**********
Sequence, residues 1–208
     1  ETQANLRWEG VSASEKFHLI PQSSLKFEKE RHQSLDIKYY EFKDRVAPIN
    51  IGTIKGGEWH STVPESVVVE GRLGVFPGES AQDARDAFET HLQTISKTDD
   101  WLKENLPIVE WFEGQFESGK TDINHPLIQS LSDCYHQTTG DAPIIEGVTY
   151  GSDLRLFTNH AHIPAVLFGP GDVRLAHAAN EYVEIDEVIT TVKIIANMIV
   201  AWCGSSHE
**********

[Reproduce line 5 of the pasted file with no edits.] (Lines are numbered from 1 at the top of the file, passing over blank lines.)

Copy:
   151  GSDLRLFTNH AHIPAVLFGP GDVRLAHAAN EYVEIDEVIT TVKIIANMIV